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State of New York vs. COVID-19 - Governor Andrew M. Cuomo periodically updates New Yorkers on the state's progress during the ongoing COVID-19 pandemic. The latest reports of the number of new cases, the percentage of tests that were positive and many other relevant data points concerning COVID-19 are available at forward.ny.gov.
N.B. §22 of the New York State's General Construction Law, in pertinent part, provides that “Whenever words of the masculine or feminine gender appear in any law, rule or regulation, unless the sense of the sentence indicates otherwise, they shall be deemed to refer to both male or female persons.” NYPPL applies this protocol to individuals referred to in a decision self-identifying as LGBTQA+.
January 27, 2011
Individuals performing services for a public employer may be designated "non-employees" by statute
Levitt v NYC Office of Collective Bargaining, 273 AD2d 104
For the purposes of collective bargaining Article 14 of the Civil Service Law -- the Taylor Law -- applies to all individuals in the services of a public employer except judges, individuals in the military service and public employees designated managerial or confidential.*
The point made clear by the Levitt decision -- individuals who might otherwise satisfy the criteria for public employment, and thus otherwise covered by the Taylor Law, may be denied such status by statute.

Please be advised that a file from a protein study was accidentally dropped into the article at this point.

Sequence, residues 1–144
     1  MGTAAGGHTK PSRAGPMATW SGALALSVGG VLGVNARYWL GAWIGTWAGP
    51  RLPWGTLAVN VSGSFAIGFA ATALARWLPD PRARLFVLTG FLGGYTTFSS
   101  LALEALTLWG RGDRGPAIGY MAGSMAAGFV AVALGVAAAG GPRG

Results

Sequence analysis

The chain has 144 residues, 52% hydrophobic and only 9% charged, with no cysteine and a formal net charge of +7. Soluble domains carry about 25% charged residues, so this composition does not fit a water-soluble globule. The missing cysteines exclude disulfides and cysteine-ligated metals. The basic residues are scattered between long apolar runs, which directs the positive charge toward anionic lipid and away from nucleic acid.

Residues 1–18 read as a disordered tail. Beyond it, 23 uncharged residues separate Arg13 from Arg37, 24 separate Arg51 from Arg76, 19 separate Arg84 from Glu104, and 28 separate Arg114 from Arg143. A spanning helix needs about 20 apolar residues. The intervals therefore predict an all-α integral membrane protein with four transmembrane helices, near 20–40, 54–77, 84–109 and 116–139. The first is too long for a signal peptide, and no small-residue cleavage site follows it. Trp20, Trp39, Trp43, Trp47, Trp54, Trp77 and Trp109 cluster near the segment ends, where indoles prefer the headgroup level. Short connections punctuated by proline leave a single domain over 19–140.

Kenneth Levitt challenged a ruling by New York City’s Office of Collective Bargaining [OCB] declaring that four hearing examiners employed by the city’s Parking Violations Bureau [PVB] were ineligible for inclusion in a collective bargaining unit representing city employees.
OCB’s rationale: Section 236(2)(d) of the Vehicle and Traffic Law provides that [s]uch hearing examiners shall not be considered employees of the city in which the administrative tribunal has been established.**
The Appellate Division, First Department, agreed, ruling that [g]iven this clear statutory language, the PVB hearing officers cannot be considered City employees entitled to collectively bargain pursuant to the Taylor Law even though, as OCB found following a hearing, in all other respects these hearing officers meet the criteria for public employment.
Does Levitt have any recourse? Perhaps. As the court pointed out, this was an issue for the Legislature, not the courts, to address.
* Certain individuals have been declared managerial or confidential within the meaning of the Taylor Law by statute.
** Civil Service Law Sections 210 - Prohibition against strikes - and Section 211 - Injunctive relief to prohibit a strike - specifically apply to judges, military personnel and managerial or confidential employees within the meaning of the Taylor Law. Presumably these provisions would not apply to Section 236(2)(d) hearing examiners as the incumbents of such positions are not employees of the jurisdiction in which they serve.
Public Personnel Law E-books
The Discipline Book - A concise guide to disciplinary actions involving public employees in New York State set out in a 700 page e-book. For more information click on https://booklocker.com/books/5215.html
A Reasonable Disciplinary Penalty Under the Circumstances - A 442-page e-book focusing on determining an appropriate disciplinary penalty to be imposed on an employee in the public service in instances where the employee has been found guilty of misconduct or incompetence. Now available in two formats - as a large, paperback print edition and as an e-book. For more information click on http://booklocker.com/books/7401.html
The Layoff, Preferred List and Reinstatement Manual - A 645 page e-book reviewing the relevant laws, rules and regulations, and selected court and administrative decisions. For more information click on http://booklocker.com/books/5216.html